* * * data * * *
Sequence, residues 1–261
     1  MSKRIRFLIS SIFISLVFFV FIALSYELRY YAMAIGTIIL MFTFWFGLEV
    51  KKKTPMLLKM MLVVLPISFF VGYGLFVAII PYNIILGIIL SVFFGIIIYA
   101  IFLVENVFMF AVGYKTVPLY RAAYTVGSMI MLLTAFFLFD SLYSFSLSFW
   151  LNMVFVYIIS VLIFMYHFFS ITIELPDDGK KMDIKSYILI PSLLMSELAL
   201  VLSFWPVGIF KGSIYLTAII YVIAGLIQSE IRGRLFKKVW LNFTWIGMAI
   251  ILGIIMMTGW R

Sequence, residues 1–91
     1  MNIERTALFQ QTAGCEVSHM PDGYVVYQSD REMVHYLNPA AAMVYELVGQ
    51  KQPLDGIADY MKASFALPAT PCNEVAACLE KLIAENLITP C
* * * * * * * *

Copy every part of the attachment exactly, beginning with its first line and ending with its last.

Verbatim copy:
Sequence, residues 1–261
     1  MSKRIRFLIS SIFISLVFFV FIALSYELRY YAMAIGTIIL MFTFWFGLEV
    51  KKKTPMLLKM MLVVLPISFF VGYGLFVAII PYNIILGIIL SVFFGIIIYA
   101  IFLVENVFMF AVGYKTVPLY RAAYTVGSMI MLLTAFFLFD SLYSFSLSFW
   151  LNMVFVYIIS VLIFMYHFFS ITIELPDDGK KMDIKSYILI PSLLMSELAL
   201  VLSFWPVGIF KGSIYLTAII YVIAGLIQSE IRGRLFKKVW LNFTWIGMAI
   251  ILGIIMMTGW R

Sequence, residues 1–91
     1  MNIERTALFQ QTAGCEVSHM PDGYVVYQSD REMVHYLNPA AAMVYELVGQ
    51  KQPLDGIADY MKASFALPAT PCNEVAACLE KLIAENLITP C